Rules and Business System in Japan
Japan has become well known in the world for its business system. Some Western businesses have tried to imitate parts of the Japanese business system. As with other countries, the business system of the Japanese model is also influenced by formal and informal rules. This essay will describe the formal and informal rules which control the Japanese business system, and briefly comment on the interrelationship between the two types of rules. In particular, it will examine the idea that formal rules follow clearly stated government laws, and so on, while informal rules come from socio-cultural practices.
Government often plays a part in formulating rules for business. Dunning (1997) points out that "the optimal role of government in the organization of economic activity has long been a subject of intense-and sometimes passionate-controversy" (p. 32). Over a long period, the Japanese government's role in the business system has been to enact formal rules which completely determine the activities of corporations in the economic field.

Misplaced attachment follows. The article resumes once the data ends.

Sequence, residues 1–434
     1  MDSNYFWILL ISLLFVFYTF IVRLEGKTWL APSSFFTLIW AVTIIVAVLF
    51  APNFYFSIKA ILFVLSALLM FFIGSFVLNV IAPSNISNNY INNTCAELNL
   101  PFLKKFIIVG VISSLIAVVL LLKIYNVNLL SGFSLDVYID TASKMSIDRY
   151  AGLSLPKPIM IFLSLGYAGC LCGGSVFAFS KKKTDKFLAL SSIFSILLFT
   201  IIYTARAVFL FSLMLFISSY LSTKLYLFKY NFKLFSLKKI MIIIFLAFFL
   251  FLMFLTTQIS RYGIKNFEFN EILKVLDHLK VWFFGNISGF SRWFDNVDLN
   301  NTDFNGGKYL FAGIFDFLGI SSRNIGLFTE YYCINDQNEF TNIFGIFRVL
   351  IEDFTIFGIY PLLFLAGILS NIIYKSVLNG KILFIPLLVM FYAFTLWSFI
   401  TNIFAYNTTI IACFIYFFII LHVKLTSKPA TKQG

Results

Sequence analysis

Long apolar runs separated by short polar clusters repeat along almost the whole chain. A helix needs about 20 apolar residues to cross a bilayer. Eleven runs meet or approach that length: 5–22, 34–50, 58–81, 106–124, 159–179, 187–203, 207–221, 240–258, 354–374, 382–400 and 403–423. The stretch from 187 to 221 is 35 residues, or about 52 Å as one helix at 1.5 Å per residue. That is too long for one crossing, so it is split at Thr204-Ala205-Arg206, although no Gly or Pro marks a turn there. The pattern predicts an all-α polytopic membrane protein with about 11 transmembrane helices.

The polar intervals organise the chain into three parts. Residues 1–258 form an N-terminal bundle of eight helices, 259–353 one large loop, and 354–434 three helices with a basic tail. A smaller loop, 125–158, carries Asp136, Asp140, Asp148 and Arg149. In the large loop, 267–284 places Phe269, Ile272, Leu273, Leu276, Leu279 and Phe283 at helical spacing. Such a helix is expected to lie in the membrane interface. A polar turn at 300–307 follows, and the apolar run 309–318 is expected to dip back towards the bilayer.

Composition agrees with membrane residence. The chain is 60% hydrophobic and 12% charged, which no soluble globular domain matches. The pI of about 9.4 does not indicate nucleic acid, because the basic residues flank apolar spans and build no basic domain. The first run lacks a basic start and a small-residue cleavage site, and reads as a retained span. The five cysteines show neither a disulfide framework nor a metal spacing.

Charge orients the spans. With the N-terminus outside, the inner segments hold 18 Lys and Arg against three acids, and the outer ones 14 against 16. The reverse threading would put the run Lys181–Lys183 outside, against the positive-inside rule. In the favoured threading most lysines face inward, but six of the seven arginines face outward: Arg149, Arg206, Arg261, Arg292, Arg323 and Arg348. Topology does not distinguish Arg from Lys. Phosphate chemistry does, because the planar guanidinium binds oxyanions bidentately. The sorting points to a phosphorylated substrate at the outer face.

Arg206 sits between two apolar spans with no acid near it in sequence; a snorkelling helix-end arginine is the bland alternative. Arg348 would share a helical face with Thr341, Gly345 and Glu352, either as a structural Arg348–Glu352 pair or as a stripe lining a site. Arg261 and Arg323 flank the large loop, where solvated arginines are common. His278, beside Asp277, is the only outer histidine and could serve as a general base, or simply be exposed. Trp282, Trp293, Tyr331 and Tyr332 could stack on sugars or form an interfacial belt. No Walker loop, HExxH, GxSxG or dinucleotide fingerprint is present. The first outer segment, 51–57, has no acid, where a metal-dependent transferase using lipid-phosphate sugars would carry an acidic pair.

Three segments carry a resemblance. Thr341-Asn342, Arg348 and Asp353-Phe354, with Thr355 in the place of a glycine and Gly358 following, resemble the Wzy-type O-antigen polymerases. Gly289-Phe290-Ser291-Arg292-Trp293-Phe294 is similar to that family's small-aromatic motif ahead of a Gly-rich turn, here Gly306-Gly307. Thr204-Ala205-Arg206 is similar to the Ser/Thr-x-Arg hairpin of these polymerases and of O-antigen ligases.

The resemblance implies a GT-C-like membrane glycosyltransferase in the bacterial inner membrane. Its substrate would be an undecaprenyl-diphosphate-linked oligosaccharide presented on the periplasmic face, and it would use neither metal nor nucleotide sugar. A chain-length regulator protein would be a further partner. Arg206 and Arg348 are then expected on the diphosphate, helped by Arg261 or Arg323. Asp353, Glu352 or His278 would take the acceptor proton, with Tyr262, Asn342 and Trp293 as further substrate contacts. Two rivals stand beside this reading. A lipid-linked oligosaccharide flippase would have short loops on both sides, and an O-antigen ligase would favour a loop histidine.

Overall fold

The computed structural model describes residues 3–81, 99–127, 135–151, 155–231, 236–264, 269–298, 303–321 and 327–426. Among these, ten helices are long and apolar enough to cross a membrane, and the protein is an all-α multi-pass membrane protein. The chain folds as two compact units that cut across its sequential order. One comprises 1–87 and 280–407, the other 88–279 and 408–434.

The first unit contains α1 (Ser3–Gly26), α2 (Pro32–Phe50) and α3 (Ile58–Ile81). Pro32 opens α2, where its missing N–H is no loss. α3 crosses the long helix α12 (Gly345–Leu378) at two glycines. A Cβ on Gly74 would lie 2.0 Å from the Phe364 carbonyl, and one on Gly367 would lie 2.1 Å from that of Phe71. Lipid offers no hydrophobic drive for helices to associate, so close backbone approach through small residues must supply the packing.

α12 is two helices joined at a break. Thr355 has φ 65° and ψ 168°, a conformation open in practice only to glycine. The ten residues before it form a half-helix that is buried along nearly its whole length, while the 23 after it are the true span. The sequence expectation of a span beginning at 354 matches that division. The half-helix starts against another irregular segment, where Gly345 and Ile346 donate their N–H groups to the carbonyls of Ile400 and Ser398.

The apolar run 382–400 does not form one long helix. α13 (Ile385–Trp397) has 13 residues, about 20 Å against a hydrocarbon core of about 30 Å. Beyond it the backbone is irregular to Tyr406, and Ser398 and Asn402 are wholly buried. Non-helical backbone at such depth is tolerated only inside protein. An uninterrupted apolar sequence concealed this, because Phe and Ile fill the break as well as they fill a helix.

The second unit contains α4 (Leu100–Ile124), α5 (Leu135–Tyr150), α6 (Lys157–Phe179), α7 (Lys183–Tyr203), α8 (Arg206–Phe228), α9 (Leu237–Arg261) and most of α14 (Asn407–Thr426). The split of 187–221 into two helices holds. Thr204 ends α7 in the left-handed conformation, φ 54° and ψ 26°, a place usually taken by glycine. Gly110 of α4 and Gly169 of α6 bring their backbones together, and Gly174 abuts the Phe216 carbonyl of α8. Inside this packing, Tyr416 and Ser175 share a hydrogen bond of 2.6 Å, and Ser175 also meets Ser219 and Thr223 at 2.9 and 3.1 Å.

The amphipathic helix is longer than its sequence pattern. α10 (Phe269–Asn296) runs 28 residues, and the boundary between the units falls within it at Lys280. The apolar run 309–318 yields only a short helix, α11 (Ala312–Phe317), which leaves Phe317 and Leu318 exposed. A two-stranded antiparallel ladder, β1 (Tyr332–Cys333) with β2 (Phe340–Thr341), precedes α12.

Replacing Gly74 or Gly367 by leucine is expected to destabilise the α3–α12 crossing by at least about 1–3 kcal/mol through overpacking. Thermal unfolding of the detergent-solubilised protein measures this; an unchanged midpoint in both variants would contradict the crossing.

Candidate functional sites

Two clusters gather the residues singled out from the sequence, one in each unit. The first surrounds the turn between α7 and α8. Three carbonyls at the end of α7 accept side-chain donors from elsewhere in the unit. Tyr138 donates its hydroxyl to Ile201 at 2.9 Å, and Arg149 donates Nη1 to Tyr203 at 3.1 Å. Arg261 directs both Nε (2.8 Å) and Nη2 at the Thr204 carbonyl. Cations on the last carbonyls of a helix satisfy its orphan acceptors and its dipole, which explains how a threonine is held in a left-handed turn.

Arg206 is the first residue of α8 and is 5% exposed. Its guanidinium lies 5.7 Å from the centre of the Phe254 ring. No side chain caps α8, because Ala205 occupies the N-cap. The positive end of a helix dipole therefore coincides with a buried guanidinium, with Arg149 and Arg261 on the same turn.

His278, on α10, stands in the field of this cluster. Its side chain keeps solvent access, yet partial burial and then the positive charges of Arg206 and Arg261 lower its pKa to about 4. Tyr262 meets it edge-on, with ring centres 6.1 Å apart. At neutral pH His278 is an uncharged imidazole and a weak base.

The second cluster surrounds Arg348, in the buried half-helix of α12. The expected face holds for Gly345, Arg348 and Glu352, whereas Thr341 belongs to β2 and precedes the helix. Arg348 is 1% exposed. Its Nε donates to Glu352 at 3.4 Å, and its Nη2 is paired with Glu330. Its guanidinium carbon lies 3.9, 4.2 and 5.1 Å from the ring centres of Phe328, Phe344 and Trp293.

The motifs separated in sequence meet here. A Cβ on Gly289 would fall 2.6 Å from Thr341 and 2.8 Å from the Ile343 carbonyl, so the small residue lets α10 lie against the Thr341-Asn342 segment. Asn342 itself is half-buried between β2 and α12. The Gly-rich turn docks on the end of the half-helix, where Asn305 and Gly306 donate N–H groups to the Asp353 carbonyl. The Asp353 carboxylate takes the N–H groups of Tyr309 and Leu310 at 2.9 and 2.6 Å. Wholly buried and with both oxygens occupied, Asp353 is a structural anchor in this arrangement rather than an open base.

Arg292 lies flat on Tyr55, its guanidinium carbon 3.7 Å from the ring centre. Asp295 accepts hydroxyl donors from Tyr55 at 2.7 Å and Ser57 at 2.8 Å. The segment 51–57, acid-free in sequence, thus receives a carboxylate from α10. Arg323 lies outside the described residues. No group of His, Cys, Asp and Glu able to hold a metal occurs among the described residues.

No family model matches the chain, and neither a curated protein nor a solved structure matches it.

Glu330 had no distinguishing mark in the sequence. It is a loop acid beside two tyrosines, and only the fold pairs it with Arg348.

(What do they do? What happens if the firm does not obey them?) These formal rules have enabled the Japanese government to intervene in business since the beginning of Japanese industrialization. "East Asian states are directly involved in the economy and have a significant influence on private decision" (Chiu & Liu 1998, p. 137). Japan as a case in point, provides a good example of such government involvement. The development of the Japanese business system has experienced a long history of government influence. (But is this relevant to a discussion of formal rules?)
The Japanese government first began to interfere with the business system in 1868 when Japan's modernization under the leadership of the Meiji government started. "The Meiji government took a strong leadership role in consolidating the working...